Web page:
Schneidewind still hooked on job at Will County Farm Bureau
April 13, 2012 5:02PM
Mark Schneidewind, manager of the Will County Farm Bureau, looks over his collection in his office in Joliet, IL on Thursday April 12, 2012. | Matt Marton~Sun-Times Media
Updated: June 14, 2012 1:51AM
JOLIET — Mark Schneidewind has a long metal hook in his office.
The hook, Schneidewind explained, was his grandmother’s. She used it to catch the feet of chickens that ran past her on the family’s farm in New Athens, Ill.
Schneidewind, 49, grew up working on the farm and helping his grandmother weigh and sell chicken eggs. Now his late grandma’s metal egg scale and the chicken hook are part of the decor in Schneidewind’s office in the Will County Farm Bureau building at 100 Manhattan Road.
He’s been manager of the farm bureau for 20 years and was honored last month by the Will-South Cook Soil and Water Conservation District with its Soil and Water Resources Stewardship Award.
Schneidewind has seen many changes in Will County through the years. The number of farms has shrunk from 1,200 to about 860. Some were sold to make way for subdivisions, others were consolidated into larger farms. Back in 1991 there were 300,000 acres of farmland. Now there are 256,000.
The housing industry bust has helped save more of the land from being gobbled up by homes.
“You don’t see them waiting in line to sell anymore,” Schneidewind said.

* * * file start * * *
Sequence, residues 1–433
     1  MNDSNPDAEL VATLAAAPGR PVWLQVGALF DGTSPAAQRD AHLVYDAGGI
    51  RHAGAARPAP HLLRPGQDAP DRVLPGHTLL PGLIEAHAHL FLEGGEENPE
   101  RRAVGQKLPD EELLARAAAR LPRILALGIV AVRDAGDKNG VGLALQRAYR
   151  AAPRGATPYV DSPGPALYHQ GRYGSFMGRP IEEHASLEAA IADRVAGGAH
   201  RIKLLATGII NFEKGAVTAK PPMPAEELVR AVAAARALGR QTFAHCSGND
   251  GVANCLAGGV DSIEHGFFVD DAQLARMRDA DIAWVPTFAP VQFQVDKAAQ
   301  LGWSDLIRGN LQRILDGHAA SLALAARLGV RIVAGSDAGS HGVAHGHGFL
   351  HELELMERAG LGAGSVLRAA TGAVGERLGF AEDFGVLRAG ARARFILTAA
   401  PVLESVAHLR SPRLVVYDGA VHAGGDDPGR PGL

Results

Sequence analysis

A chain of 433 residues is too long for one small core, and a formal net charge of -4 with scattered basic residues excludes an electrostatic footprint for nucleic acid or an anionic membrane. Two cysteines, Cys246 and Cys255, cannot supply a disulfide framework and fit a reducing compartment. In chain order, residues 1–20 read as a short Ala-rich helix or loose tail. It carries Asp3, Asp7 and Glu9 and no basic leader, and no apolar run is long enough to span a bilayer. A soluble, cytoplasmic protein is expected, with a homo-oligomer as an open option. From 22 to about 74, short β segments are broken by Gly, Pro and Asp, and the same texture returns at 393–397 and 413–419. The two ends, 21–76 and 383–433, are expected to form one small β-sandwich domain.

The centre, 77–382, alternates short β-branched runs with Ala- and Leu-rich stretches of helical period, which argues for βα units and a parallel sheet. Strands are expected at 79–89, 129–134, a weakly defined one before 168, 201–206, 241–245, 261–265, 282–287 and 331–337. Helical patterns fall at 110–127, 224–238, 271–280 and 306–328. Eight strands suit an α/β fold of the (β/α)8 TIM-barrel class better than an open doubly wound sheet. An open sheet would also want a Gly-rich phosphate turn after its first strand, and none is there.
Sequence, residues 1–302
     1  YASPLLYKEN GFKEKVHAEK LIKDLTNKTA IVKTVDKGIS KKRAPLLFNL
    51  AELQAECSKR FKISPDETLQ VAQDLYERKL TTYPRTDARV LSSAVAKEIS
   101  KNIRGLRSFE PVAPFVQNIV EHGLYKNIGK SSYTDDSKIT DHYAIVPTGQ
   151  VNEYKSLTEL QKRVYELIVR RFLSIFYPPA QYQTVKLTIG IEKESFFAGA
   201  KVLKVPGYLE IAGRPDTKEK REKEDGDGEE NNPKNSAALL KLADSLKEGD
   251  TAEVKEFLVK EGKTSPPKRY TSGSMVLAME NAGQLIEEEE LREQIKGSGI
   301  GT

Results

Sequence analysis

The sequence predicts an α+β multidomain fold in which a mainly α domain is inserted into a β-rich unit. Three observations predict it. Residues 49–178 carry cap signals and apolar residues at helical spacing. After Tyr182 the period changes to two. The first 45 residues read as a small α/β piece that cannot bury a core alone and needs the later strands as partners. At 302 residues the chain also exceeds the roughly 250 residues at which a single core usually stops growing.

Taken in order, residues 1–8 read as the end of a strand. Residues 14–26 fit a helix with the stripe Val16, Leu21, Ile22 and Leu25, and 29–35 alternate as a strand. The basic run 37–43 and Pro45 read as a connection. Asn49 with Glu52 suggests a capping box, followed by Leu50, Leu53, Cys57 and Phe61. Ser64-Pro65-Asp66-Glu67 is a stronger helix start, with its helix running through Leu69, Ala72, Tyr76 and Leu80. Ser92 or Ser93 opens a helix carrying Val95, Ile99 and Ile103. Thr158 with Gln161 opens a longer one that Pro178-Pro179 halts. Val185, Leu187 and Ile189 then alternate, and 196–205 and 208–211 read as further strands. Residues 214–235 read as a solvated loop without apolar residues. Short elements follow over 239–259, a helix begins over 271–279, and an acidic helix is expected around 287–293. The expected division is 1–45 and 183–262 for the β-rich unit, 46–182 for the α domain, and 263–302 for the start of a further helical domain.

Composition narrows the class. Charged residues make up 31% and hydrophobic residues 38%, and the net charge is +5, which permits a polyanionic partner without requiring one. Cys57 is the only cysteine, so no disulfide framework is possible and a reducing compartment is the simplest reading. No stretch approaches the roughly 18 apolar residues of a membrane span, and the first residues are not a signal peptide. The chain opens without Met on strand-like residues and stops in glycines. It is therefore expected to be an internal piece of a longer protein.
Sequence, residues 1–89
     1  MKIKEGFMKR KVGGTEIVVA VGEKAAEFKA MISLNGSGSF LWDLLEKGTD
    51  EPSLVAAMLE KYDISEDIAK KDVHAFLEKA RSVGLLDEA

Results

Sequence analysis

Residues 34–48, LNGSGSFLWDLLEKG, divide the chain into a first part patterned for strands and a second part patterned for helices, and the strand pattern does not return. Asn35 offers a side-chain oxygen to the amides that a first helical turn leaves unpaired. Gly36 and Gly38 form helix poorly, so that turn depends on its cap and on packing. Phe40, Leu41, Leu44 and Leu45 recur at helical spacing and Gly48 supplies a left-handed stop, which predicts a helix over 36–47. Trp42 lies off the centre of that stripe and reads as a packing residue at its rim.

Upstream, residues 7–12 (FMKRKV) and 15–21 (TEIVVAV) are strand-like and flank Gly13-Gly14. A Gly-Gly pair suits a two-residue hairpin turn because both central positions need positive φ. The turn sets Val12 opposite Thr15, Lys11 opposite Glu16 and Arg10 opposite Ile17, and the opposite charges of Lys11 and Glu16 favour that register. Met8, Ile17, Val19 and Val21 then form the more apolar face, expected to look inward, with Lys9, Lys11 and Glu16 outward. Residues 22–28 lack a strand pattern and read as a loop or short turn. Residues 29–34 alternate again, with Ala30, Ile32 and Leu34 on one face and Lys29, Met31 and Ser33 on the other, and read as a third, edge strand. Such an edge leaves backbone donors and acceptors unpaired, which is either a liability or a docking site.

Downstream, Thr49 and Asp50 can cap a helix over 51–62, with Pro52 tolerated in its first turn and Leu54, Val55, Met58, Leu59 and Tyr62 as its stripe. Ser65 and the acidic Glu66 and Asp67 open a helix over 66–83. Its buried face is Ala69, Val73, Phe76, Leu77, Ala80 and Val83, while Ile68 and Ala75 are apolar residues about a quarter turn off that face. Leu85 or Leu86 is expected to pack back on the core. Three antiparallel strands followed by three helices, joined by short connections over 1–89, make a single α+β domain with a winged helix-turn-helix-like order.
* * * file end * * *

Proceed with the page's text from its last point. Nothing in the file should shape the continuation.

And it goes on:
Now that the housing boom has waned, Schneidewind and 12 farm bureau board members are girding for political battles involving the threat of quick take being used for the Illiana Expressway and the loss of thousands of acres of prime farmland to the south suburban airport.
When it comes to the airport fight, Schneidewind has some history. That little town he grew up in is just 30 miles away from the MidAmerica Airport, a project that just never took off. Now the residents of St. Clair County are stuck with a “ghost town” of an airport, he said.
“They had the same concerns our people here have,” he said. “But it moved really fast.”
The farm bureau is opposed to the south suburban airport.
“And we’ve been opposed for a long time,” Schneidewind said.
There are other battles ahead but also many opportunities. Schneidewind said he’s seen the rise of ethanol, the modernization of farm equipment and the explosion of grain exports from the county’s intermodals to countries around the world.
“We are a global industry right now,” he said.
That’s what Schneidewind loves about his job. It ranges from the smallest seed in the ground to the large cargo ships that transport food around the world.
“I made the right career choice,” he said of his decision years ago to work for the farm bureau instead of working his own farm full time. “We’ve been able to accomplish a lot and help farmers and their property rights. And we still have a lot of work to go.”
Congratulations to Mark on two decades of service in a field he loves. And a personal thank you to the man who never tires of explaining agricultural concepts to a woman who grew up surrounded by malls instead of chickens.